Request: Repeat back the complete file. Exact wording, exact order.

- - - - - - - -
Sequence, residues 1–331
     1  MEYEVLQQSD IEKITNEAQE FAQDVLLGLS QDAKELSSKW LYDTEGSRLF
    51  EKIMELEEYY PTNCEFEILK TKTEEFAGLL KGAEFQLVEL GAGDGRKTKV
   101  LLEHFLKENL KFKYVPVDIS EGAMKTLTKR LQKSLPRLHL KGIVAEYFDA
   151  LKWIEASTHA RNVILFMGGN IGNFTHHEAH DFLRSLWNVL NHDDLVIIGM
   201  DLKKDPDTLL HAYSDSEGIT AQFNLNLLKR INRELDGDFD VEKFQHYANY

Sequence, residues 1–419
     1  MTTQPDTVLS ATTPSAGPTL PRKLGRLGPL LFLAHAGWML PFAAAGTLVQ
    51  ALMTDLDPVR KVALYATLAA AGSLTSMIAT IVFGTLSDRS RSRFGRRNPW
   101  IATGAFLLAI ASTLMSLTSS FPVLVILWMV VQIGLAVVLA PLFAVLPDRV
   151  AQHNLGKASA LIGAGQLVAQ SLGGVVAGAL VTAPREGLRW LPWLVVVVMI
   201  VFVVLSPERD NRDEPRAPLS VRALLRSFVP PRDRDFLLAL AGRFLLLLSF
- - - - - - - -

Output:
Sequence, residues 1–331
     1  MEYEVLQQSD IEKITNEAQE FAQDVLLGLS QDAKELSSKW LYDTEGSRLF
    51  EKIMELEEYY PTNCEFEILK TKTEEFAGLL KGAEFQLVEL GAGDGRKTKV
   101  LLEHFLKENL KFKYVPVDIS EGAMKTLTKR LQKSLPRLHL KGIVAEYFDA
   151  LKWIEASTHA RNVILFMGGN IGNFTHHEAH DFLRSLWNVL NHDDLVIIGM
   201  DLKKDPDTLL HAYSDSEGIT AQFNLNLLKR INRELDGDFD VEKFQHYANY

Sequence, residues 1–419
     1  MTTQPDTVLS ATTPSAGPTL PRKLGRLGPL LFLAHAGWML PFAAAGTLVQ
    51  ALMTDLDPVR KVALYATLAA AGSLTSMIAT IVFGTLSDRS RSRFGRRNPW
   101  IATGAFLLAI ASTLMSLTSS FPVLVILWMV VQIGLAVVLA PLFAVLPDRV
   151  AQHNLGKASA LIGAGQLVAQ SLGGVVAGAL VTAPREGLRW LPWLVVVVMI
   201  VFVVLSPERD NRDEPRAPLS VRALLRSFVP PRDRDFLLAL AGRFLLLLSF